He was a drinker, failed as a farmer, went bankrupt and couldn’t get a job.
Even when he became President, many critics said Ulysses S Grant was a dud.
But for the time he served in the Civil War, Grant was respected and promoted through the ranks – to ultimately defeat Robert E Lee and end the Confederacy.
He did so with a special brand of humility and tenacity from which today’s leaders have much to learn.
1. See yourself as someone who is needed, not as someone imposing an agenda.
“There are but few important events in the affairs of men brought about by their own choice.”
Like many accomplished people, Grant became noteworthy, not from anything he initiated, but rather, his response to the circumstances in which he lived. Would we know the name of Churchill had it not been for World War Two? Or even the name Gandhi had India not been suppressed? Today – we face many challenges, and need leaders to step up to the plate, not because they call themselves great, but because they are needed.
2. Put things in perspective, knowing that others can take your place.
“There are many men who would have done better than I did under the circumstances in which I found myself. If I had never held command, if I had fallen, there were 10,000 behind who would have followed the contest to the end and never surrendered the Union.”
It may seem odd that General Grant, the solider who won the civil war, would be so lacking in ego. But Grant knew he was replaceable. Fearless on the battlefield, he could have been shot and killed at any time. Part of your job as a team leader or manager is to encourage leadership in others. Leadership is a team exercise.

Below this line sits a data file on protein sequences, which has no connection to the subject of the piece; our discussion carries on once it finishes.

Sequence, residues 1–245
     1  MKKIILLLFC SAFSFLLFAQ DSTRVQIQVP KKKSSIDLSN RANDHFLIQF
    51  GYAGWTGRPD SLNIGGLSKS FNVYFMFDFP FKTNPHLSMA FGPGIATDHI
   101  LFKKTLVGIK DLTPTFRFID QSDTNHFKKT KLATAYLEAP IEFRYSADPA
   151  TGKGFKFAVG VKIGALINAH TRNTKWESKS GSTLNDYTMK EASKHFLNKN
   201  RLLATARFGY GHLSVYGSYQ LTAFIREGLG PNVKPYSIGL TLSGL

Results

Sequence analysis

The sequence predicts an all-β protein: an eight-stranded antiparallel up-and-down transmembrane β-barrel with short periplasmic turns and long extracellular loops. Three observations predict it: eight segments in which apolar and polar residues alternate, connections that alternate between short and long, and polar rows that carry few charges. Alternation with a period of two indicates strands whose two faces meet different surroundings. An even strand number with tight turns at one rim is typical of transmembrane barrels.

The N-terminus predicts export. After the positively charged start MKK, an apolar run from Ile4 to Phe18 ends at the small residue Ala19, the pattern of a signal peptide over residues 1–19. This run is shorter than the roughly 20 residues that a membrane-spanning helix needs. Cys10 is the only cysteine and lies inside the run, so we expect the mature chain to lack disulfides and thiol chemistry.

3. It’s about the company mission or cause, not about you.
“I appreciate the fact, and am proud of it, that the attentions I am receiving are intended more for our country than for me personally.”
During the war, and afterwards, Grant received a great deal of praise. But he put the focus on where it belonged – on the Union, not himself. Whether your cause is customer service, excellence or honesty in business – put it above you. As managers, when we rally our team behind a cause, and not ourselves, it all comes together.
4. Total commitment will win the day.
“If you see the President, tell him from me that whatever happens there will be no turning back.”
Often in life, things turn out to be a lot more difficult than we bargained for – but we have a choice. We can give up, or grit our teeth and meet the challenge. Grant was amazed at how hard it was to defeat Robert E Lee. Even with far more troops and the backing of the United States government – it would take Grant’s own iron will to finally beat down Lee.
History has not been entirely kind to Grant.
He was criticized, and still is today, for being too determined and brutal – to the point where the war cost many more lives than anyone was willing to accept.
But Grant was also forgiving and void of revenge, allowing Lee and his soldiers to go free without imprisonment.
Ulysses S Grant was an ordinary person in extra ordinary times.
Today, we – like Grant, need to answer the calling.
The year was 1864 and Grant took time away from the battle to strike this iconic pose for war photographer Mathew Brady. Grant would lose the battle at Coal Harbor in Virginia, despite having almost twice as many soldiers as Robert E Lee. Nicknamed “The Butcher” by some, he was seen as a hero by others.